Part 2 in our look at the RTI ASIP Conference which occurred in Dec 2012.
Lionel Cadix of Yole updated 3DIC and 2.5D Interposer market trends and technological evolutions. He showed the following TSV wafer forecast by market segment.
As of 2011 the top 3 players in 3D TSV revenue were all CMOS image sensor fabricators. That is expected to change in the next two years as the memory suppliers come on line.
3D stacked DRAM and 3D Logic SOC applications are expected to be the biggest drivers for volume adoption of 3DIC technology in the next five years.
Riko Radojcic presented the following Qualcomm assessment of where things stand in 3DIC technology. This indicates that we are in the productization mode worrying about business models and yield ramps and not any technical issues.
In terms of design status he offered the following:
Paul Silvestri of Amkor shared their perspective on the readiness of 2.5/3D technology and manufacturing. Silvestri indicated that "3D memory delivery has been slowed down a bit" and that Amkor does not see interposers going into mobile phones simply because there is no room for them" (This is something Matt Nowak of Qualcomm has been saying for years).
Thinning and backside processing is pretty much ready to go with the only exception being bond/debond which still needs improvement.
– Fine Pitch Cu-Pillar technology is well established in high volume production
– Wafer thinning equipment and infrastructure is well established with excellent
thickness variation control at 2 micron
– Backside silicon etch equipment and infrastructure is well established with excellent
uniformity variation control at ca. 3%
– Backside passivation (SiN and TEOS) equipment and infrastructure are well
established with excellent thickness variation control at ca. 2 micron
– Backside passivation polish equipment and infrastructure is well established with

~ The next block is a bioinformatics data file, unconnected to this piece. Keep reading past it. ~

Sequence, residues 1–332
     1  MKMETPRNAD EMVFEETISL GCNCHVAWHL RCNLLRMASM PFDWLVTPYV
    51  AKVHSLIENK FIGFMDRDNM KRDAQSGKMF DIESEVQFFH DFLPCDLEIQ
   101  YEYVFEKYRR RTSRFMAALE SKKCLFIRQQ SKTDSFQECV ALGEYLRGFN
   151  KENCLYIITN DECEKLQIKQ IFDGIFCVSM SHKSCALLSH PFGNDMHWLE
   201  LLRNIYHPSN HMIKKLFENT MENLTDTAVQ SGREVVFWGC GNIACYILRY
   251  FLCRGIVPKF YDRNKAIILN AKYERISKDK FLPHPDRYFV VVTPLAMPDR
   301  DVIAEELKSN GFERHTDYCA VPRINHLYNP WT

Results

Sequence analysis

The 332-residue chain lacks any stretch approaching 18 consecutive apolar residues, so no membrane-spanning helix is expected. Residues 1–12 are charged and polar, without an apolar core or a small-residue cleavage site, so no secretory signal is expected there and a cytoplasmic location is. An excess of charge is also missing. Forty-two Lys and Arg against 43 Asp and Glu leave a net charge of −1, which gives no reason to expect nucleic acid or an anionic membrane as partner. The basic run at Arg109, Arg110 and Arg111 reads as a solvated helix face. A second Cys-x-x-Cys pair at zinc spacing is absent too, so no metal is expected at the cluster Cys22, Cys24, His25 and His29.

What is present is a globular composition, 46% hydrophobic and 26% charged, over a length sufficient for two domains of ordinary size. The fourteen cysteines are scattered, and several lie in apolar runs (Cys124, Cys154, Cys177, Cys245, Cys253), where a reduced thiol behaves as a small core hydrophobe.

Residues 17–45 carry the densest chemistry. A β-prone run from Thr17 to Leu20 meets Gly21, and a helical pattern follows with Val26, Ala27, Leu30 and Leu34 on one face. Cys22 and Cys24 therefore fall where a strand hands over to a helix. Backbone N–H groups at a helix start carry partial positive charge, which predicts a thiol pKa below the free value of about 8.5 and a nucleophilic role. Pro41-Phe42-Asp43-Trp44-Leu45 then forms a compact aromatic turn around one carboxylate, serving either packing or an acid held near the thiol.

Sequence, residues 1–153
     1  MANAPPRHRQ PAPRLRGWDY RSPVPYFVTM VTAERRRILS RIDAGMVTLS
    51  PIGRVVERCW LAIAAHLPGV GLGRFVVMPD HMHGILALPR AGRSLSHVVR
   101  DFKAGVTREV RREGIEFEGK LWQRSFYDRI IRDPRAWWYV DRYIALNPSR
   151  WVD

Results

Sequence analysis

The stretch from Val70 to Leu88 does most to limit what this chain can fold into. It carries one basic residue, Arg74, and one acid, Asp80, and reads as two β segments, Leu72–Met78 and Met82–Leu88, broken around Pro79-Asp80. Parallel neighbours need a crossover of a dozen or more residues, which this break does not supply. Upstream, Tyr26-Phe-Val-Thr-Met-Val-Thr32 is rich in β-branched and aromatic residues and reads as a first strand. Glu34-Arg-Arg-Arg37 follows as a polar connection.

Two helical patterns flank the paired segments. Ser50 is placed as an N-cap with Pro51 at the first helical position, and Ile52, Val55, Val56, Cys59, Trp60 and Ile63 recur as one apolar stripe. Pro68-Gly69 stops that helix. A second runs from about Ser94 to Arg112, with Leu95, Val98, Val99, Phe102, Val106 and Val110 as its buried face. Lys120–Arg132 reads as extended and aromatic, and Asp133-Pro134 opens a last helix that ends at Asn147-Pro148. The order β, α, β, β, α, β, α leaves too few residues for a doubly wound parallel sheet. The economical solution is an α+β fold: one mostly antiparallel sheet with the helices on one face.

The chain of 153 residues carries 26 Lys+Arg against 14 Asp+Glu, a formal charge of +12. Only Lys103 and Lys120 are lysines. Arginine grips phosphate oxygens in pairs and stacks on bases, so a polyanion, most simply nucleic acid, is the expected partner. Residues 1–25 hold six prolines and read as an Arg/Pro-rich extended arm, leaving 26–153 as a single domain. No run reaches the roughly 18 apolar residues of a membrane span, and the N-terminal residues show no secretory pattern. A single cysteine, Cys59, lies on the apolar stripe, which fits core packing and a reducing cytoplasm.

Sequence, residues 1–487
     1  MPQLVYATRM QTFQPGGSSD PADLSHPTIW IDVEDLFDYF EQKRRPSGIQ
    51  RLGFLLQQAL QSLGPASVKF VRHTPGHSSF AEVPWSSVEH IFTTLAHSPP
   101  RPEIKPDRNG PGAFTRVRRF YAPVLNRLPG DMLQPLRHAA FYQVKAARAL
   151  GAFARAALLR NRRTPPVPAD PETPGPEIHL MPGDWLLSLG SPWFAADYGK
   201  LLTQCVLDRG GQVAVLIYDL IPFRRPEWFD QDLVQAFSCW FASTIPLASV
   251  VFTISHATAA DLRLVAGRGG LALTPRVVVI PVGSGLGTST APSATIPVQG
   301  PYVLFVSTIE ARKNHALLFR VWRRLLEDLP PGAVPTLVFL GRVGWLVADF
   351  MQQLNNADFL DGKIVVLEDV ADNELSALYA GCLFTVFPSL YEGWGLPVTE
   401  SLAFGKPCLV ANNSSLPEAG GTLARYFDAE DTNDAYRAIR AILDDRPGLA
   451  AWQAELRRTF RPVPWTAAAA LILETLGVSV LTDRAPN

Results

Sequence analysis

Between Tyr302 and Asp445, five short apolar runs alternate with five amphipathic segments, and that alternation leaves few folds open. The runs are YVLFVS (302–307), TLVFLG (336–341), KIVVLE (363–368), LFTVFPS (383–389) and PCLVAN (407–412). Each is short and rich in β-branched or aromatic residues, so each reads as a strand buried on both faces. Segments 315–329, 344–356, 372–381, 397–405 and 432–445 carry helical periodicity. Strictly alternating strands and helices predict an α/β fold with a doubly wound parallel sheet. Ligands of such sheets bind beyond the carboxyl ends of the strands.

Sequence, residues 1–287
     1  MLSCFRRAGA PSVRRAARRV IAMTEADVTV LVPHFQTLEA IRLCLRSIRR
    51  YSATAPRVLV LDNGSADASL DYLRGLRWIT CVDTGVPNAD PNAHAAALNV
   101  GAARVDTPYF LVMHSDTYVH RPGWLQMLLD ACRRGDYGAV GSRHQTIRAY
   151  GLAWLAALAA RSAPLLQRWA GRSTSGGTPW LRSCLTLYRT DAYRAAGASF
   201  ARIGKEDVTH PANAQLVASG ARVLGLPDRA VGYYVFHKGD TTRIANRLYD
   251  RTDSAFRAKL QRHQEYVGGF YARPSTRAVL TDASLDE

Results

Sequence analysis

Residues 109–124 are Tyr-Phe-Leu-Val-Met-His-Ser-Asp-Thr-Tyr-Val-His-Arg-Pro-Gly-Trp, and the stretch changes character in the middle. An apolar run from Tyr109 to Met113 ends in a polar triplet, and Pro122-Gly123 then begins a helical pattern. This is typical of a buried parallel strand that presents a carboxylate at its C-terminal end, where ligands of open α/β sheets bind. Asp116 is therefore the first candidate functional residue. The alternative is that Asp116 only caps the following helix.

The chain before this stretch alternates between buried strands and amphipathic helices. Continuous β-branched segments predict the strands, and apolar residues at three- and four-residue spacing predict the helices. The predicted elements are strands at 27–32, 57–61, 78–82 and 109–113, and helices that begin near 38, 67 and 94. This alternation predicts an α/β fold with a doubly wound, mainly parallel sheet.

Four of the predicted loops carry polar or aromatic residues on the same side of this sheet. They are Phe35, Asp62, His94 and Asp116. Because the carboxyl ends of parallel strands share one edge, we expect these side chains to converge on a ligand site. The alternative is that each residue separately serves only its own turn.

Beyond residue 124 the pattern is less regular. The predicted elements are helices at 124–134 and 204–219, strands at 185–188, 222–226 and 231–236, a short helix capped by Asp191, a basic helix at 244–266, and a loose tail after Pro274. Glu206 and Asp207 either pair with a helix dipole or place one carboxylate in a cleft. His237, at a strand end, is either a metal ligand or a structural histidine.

excellent thickness variation control at ca. 1 micron
– Backside bump Equipment and infrastructure is well established with high volume
capability in industry
– Wafer support equipment and infrastructure is well established with high volume capability in industry but the process is still in need of improvement
Back End of Line Processing
Testing of the memory stack is required prior to committing memory to package stack. The memory stack in this construction is the largest cost item.
The preferred sequence in most instances is interposer to substrate and then chips/memory stack to interposer because it follows the standard OSAT processing flow. In nearly all cases the foundry inserts the TSV (TSV middle) but then the wafers are finished either at the foundry (TSMC preferred) or at the OSATS (GlobalFoundries & UMC preferred).
Amkor’s take on interposers is as follows:
Stacked Memory Sources
Silvestri indicates that there are only two primary memory sources today. KGM is received on tape and reel, stacked memory in wide I/O format typically 2 die stacks, but some 4 die stacks.
Amkor projects the following financial benefits from 3DIC.
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